At Earlham, Zitkala-Ša started her writing career, gathering Native American stories
and translating them into English and Latin. She evolved the skills that would make her a powerful activist, once winning a speech contest in the the face of a big poster calling her a "squaw".
Following Earlham, she studied violin at the New England Conservatory of Music, once playing before President William McKinley.
While succeeding in white society, Zitkala-Ša remained anguished at her separation from Sioux culture. Hired at Carlisle Indian Industrial School in Pennsylvania to teach music, she found herself face to face with students stripped of their Native identity as she had been.
The rift inside her cracked wide when Carlisle sent her to Yankton to collected more students. She found the reservation swamped in poverty, her mother's home falling apart and white settlers violating Dakota lands in violation of federal treaties.
By now, she was a published writer and her short stories published in Atlantic Monthly and Harper's portrayed the wisdom and generosity of her people, and belied the bigoted notions so commonly accepted by mainstream Americans. Her writing criticized Carlisle and other boarding schools for their assimilation practices. She was fired.
Zitkala-Ša connected with other Native Americans capitalizing on their formal education and flawless English to advance the rights of Indian People. She helped establish the National Council of American Indians and committed herself to working for citizenship for Native Americans.
They made huge progress in 1924 when an act of Congress granted full citizenship to all of the approximately 125,000 of 300,000 indigenous people living in the United States. But the parameters of those rights would be drawn by individual states where legislators and voters harbored stubborn prejudices.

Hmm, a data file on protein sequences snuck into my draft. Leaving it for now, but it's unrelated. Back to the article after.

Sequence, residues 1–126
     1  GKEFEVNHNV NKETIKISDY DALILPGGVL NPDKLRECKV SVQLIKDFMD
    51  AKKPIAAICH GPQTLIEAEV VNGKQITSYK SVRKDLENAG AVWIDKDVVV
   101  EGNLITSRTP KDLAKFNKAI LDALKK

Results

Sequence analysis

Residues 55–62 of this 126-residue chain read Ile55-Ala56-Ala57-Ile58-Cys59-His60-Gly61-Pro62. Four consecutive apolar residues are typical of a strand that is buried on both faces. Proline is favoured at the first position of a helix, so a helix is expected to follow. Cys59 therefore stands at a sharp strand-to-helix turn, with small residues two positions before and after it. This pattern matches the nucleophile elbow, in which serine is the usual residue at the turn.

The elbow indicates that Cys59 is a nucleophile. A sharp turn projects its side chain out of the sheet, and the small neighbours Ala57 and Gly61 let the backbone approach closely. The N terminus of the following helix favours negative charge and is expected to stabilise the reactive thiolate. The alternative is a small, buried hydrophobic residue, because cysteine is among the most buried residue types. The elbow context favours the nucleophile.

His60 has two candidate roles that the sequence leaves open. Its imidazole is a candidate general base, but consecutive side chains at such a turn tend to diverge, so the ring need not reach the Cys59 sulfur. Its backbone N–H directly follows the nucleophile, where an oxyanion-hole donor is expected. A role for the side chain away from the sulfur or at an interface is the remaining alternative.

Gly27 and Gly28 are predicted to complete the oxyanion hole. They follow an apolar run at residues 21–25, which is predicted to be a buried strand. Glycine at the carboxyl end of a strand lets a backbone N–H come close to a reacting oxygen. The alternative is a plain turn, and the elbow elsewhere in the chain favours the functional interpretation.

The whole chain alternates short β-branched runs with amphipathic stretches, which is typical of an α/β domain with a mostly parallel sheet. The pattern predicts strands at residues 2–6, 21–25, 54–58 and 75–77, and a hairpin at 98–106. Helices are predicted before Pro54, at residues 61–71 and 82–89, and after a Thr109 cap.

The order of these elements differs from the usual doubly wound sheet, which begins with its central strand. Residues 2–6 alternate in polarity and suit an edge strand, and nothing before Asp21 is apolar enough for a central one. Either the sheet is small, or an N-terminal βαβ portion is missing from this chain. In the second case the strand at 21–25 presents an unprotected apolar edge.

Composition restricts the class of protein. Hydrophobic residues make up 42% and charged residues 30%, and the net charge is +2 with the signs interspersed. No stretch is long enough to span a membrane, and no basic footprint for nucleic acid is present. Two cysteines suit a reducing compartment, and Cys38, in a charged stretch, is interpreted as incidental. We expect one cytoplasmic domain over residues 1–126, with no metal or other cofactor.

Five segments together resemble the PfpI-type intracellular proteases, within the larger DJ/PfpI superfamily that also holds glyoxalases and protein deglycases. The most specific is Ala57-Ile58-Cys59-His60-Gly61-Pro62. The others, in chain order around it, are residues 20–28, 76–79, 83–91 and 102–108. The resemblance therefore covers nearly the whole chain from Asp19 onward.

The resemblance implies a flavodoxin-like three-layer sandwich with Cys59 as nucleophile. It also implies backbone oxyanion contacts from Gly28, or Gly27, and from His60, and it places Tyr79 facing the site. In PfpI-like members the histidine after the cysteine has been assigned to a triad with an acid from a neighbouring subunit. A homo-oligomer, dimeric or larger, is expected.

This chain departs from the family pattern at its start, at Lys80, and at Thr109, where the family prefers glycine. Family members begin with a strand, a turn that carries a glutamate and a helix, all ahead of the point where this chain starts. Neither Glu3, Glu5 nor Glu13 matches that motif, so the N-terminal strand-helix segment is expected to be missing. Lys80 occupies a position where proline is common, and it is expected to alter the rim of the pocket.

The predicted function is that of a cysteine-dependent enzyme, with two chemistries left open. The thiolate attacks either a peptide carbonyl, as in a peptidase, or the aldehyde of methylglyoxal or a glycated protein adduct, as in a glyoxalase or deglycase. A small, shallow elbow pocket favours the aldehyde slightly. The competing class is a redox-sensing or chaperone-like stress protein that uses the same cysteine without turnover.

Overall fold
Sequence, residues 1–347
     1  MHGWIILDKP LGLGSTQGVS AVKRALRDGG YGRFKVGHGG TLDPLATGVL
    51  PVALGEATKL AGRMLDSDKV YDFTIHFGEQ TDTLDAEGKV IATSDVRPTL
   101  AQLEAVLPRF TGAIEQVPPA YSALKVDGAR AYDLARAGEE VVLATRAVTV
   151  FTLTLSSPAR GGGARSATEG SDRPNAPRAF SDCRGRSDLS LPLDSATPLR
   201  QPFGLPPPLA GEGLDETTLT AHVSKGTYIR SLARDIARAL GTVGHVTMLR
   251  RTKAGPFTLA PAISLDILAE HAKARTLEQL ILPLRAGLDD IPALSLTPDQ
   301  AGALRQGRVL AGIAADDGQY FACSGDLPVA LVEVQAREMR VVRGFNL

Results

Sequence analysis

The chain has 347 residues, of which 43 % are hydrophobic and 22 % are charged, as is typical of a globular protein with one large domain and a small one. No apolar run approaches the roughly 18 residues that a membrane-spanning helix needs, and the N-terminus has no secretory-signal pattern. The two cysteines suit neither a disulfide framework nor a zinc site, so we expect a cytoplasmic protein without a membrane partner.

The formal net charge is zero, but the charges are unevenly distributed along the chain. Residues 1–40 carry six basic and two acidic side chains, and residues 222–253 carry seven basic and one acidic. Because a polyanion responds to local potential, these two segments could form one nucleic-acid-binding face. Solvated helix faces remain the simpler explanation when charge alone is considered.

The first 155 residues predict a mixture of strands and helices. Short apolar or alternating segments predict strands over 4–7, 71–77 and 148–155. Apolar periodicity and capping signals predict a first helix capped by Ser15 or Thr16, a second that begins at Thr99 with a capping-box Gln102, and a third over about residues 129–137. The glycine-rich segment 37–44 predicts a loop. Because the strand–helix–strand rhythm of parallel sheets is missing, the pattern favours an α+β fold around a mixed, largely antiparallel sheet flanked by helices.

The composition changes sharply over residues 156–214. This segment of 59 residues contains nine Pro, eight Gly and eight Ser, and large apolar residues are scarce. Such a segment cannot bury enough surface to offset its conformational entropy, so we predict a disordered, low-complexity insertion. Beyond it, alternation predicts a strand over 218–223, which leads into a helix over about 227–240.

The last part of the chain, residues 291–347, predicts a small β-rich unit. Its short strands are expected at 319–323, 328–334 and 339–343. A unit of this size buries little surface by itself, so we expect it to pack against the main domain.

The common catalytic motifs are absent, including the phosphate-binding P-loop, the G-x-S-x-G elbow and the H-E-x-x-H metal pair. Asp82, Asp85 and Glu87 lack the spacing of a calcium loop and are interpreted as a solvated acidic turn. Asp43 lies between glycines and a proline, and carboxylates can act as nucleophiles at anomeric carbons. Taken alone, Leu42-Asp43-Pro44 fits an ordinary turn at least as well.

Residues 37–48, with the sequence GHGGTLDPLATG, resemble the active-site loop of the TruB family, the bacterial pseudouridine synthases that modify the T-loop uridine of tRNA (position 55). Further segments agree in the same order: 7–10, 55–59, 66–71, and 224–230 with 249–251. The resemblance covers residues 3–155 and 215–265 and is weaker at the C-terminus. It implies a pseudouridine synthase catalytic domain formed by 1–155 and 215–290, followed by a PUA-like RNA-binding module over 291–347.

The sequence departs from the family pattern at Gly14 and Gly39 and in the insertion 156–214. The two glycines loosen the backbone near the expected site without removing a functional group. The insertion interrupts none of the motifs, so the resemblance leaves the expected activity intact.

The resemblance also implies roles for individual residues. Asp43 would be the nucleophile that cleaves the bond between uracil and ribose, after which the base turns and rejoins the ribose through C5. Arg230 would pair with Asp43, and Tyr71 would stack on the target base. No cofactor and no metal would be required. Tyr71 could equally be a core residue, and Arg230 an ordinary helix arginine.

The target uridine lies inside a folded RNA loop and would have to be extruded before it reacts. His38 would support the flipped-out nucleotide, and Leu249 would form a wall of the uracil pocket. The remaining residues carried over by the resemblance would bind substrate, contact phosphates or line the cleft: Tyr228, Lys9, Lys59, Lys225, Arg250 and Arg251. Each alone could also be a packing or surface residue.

Native Americans registering to vote circa 1948. Bettmann Archive/Getty Images
Arizona – home to part of the Navajo Nation and with the second-largest Native population in the country did not allow Native Americans to vote until the Supreme Court overruled the state's ban 1948. The State of Maine approved Native American Voting rights in 1953, with 25% of voters in opposition. Utah and New Mexico withheld the ballot box from Native Americans until 1962.
Like African Americans, Natives suffered continued hurdles to voting until the1965 Civil Rights Act, and their voting rights remain under attack today. Many will run into trouble voting in the upcoming presidential election.
That's because in 2013, the Supreme Court extracted the teeth from the Civil Rights Act. In an Alabama case Shelby County vs Holder, the court declared the strong arm of the law unconstitutional, the section that required states with a history of racial bias in voting to get federal permission before enacting new voting laws.
Since then a flurry of states and counties
have changed voting regulations to constrain Native Americans and people of color from voting. Two months ago, the Native American Voting Rights Coalition released details of an extensive research project.
Obstacles at Every Turn: Barriers to Political Participation Faced by Native American Voters lays bare the troubles Natives have in registering to vote, casting their votes and having their votes counted.
It's a disgrace.
Check these links for some of the latest state actions on Native American voting rights: Voter restrictions in North Dakota and historic voter rights legislation in Washington.
Zitkala-Ša wrote stories and poetry, she was a teacher and a musician who raised her voice and worked for justice. Living and working on the Uintah-Ouray Reservation in Utah, Zitkala-Ša collaborated with a professor at Brigham Young University to compose The Sundance Opera, which premiered in 1913, the first Native American Opera ever performed.
Often Zitkala-Ša has not been credited for the composition, though it's believed she wrote the libretto and songs of the opera, which was based on a sacred Sioux ritual that had been prohibited by the federal government.
In this time of great division in the U.S. we truly need the spirit of Zitkala-Ša. She never denied the searing ache of two opposite ways of life, of two different modes of thinking. Somehow, she brought them together within herself and created great beauty, strength and hope.